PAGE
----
“We have 300 pupils in the performing department,” Yulia Telepina, a 26-year-old staffer, tells me. “They enter when they are 9 or 10.” Medical examinations determine whether a child can endure the school’s regimen: six hours of dance classes and practice each day, six days a week, for eight years. Telepina estimates that for every successful applicant, nine are turned away. About 60 students are admitted each year. Eight years later, fewer than half graduate.
In a large rehearsal hall, 11 members of the senior girls’ ballet class begin their warm-up exercises at a bar extending along three walls. The teacher, Lyudmila Safronova, who herself began studies at the academy in 1938, enters dressed in a severe black ensemble. “Don’t move the arms so much,” she commands Alina Somova, a dark-haired 17-year-old in white tights, red leotard and running shorts. “It’s enough to move the hands.”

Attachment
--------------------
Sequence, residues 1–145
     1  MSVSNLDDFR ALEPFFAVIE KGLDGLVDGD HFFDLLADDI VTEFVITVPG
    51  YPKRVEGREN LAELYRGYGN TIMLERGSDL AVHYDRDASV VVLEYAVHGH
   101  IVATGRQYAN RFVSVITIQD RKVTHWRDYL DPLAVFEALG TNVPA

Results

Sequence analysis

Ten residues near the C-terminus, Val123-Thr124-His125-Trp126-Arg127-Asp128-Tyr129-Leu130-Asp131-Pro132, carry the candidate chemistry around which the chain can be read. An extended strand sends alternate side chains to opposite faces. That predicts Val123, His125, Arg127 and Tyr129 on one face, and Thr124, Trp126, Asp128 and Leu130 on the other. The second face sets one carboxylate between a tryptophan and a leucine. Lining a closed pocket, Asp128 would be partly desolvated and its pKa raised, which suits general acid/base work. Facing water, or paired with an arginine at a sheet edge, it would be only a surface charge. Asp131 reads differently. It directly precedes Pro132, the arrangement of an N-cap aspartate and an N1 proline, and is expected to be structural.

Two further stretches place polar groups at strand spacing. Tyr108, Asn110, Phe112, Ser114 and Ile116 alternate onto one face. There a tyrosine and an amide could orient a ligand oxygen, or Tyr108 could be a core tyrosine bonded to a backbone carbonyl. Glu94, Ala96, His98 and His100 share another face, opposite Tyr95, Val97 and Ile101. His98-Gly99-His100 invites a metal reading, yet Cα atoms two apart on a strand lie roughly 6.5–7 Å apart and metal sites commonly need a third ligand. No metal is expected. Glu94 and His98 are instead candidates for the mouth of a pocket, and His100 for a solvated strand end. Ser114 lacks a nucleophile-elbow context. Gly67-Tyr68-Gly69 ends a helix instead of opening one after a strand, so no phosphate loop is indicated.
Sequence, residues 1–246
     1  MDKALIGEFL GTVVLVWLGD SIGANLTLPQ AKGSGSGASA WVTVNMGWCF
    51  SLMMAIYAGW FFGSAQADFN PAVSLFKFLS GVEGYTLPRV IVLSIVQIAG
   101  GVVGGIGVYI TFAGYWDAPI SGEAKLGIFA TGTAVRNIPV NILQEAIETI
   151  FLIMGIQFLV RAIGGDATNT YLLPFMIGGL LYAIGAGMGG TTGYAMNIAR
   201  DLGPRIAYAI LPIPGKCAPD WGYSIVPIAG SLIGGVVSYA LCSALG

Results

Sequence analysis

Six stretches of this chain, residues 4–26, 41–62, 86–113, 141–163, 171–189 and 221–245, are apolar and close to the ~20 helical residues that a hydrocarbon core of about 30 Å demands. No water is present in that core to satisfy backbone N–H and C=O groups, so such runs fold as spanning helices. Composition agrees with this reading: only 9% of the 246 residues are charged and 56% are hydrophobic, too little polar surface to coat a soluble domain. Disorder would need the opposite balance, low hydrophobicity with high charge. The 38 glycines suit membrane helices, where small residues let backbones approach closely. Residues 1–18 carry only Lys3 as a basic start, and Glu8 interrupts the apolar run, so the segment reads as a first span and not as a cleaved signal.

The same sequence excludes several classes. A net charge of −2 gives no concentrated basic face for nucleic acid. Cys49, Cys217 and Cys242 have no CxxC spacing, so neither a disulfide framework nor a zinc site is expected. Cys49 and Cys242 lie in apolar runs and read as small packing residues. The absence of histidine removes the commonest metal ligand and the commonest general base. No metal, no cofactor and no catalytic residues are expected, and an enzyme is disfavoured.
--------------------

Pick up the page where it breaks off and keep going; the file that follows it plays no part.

After class, Somova—like many artists I spoke to in St. Petersburg—acknowledges that she can’t make a living here. Upon graduation, she says, “I want to try my skills abroad.”
one afternoon, outside the Rimsky-Korsakov music conservatory, pianist Petr Laul picked me up in a battered white Mercedes that, at 21, was only three years younger than he. He skirted a narrow canal before turning onto a side street. “See the building on the corner?” he said, pointing to dingy brick apartments. “Dostoyevsky lived there when he wrote Crime and Punishment.”
We entered his apartment building via a dark, dank passage that seemed as if it had not been painted since Dostoyevsky’s time—a typical condition of most Russian apartment buildings. Laul, dressed in jeans and a beret, indicated a doorway opposite a courtyard: “Some people say that the garret Dostoyevsky had in mind for the character of Raskolnikov was at the top of the stairs beyond that door.”